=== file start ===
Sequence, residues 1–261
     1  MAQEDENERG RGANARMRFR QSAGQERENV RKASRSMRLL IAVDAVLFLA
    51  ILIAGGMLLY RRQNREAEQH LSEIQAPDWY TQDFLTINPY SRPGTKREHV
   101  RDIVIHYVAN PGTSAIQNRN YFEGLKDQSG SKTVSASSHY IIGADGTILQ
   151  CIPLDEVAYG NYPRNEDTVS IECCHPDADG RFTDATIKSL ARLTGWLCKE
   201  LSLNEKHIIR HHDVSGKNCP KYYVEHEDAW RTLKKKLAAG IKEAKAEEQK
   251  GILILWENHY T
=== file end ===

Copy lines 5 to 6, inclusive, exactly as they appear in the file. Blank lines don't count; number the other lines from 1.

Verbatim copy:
   151  CIPLDEVAYG NYPRNEDTVS IECCHPDADG RFTDATIKSL ARLTGWLCKE
   201  LSLNEKHIIR HHDVSGKNCP KYYVEHEDAW RTLKKKLAAG IKEAKAEEQK